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Looking after life after hockey
Princeton-bound Josh Teves wins the RBC National Junior A Scholarship
Kristi Patton
May 13, 2015

Keep working and keep working hard. That’s how Merritt Centennials defenceman Josh Teves put himself in the position to win the RBC National Junior A Scholarship.

"That motto is how I got to where I am and what I live by. I'm very honoured to receive this scholarship. It is a really big blessing to have both the monetary award and to be acknowledged for it," said Teves, who will receive $5,000. "I wasn't expecting it. It gives me a great sense of pride that all the hard work I did is paying off both academically and on the ice."

Teves, a Calgary, Alta., native, will be a freshman at Princeton University next season, enrolling in the mechanical engineering program while patrolling the blue-line for the Tigers.

The RBC National Junior A Scholarship program is designed to provide an opportunity for players to apply for a scholarship based on their academic accomplishments and community services. Teves was selected among 10 candidates – one from each Canadian Junior Hockey League member league – shortlisted for the award.

As a self-proclaimed late bloomer on the ice, Teves has built an incredible story of getting to the point of being courted with several post-secondary opportunities for both his work in the classroom and on the ice.

"I went to a really academic-focused school in Calgary and it wasn't until later in life that I got into more competitive hockey. I was cut from teams plenty of times, which made me just push that much harder to play at that high level," said Teves. "It was a whirlwind couple of years for me. I set goals that for a long time I thought I might never reach but I kept working hard and now I am accomplishing them. It is so exciting looking forward and to think about what is in store for my future."

Teves joined the Fernie Ghostriders in the Kootenay International Junior Hockey League, a B.C. Junior B loop, for the 2013-14 season and was picked up by the Centennials this year. He was a key player on the blue-line as one of Merritt’s top point-producing defencemen, picking up 33 points in 57 regular season games.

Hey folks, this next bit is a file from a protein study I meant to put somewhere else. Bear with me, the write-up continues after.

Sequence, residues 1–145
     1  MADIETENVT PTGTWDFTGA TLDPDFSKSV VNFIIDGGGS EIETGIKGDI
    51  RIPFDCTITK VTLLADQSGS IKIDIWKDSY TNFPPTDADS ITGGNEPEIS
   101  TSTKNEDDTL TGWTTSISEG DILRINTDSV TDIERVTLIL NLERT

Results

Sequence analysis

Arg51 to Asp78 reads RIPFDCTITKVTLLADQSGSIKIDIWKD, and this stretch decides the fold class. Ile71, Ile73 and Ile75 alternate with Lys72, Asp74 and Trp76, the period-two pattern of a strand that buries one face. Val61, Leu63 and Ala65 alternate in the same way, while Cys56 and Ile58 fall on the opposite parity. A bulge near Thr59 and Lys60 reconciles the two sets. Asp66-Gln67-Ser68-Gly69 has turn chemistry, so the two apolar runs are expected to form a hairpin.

"This award wouldn't be possible without the coaches I had in Merritt. They helped me so much and gave me a shot that made me grow both on and off the ice as a person and I owe them a lot of thanks. I also owe a lot to the team academic councillor and my billets Jill and Steve Rose," he said. "Then of course, my family. They taught me so much and are the reason I am where I am today. I am just so thankful for everyone who has helped me in my life."

For Teves, balancing academics and hockey is a matter of remaining focused. Hockey is always the reward and the stress relief from exercising his brain in the classroom or from studying. Teves said he has become better at time-management because of it.

Centennials head coach Luke Pierce said Teves is "an outstanding young man" that played a significant role in leading their club. According to the coach, Teves’ maturity and leadership created a culture of respect and admiration amongst the community and his performance on the ice also provided an example for all players.

"Although Josh boasts many talents as a hockey player, it is his work ethic and determination that set him apart. He will be a very difficult asset to replace in Merritt, not only on the ice but in our dressing room and in our community. I feel fortunate to have worked with him over this past season," said Pierce in a letter of reference for Teves’ application.

It is the first time a player from the Centennials has won the $5,000 national scholarship.

"Josh is the type of person that has not had the easy route which makes him a very intriguing young man. The dedication he put into his studies is similar to what he puts into the game. I couldn't think of a more deserving guy to win this," said Pierce. "It is such a neat story because he hasn't always been the top recruit or the best prospect. He is a late-bloomer and nothing has been easy for him. He had to take the back roads to get to where he is and at the end of the day he reached the level he always wanted."

While proving himself on the ice and in the classroom, Teves also takes the time to give back to others. His long list of volunteer efforts include reading with elementary school students, working at food drives, assisting people with special needs and an international trip to Belize to restore a jaguar sanctuary at a national park in the heart of the jungle.

The philanthropic work goes hand-in-hand with his aspirations to become an engineer when his hockey career ends.

"I want to make life easier for people through innovations on things that make everyday things simpler. I think volunteering and working with people with challenges has definitely opened my horizons and shown me different perspectives on life that may have contributed to those aspirations," said Teves.

Through the years, RBC National Junior A Scholarship winners have earned degrees from some of the most prestigious universities in North America, becoming tremendous ambassadors for their teams, their leagues and the Canadian Junior Hockey League.

For more information:

Esther Madziya
Coordinator, Media Relations
Hockey Canada
[email protected]


Spencer Sharkey
Coordinator, Communications
Hockey Canada
Office: 403-777-4567
Mobile: 905-906-5327
[email protected]


Katie Macleod
Coordinator, Media Relations
Hockey Canada
Office: 403-284-6427
Mobile: 403-612-2893
[email protected]


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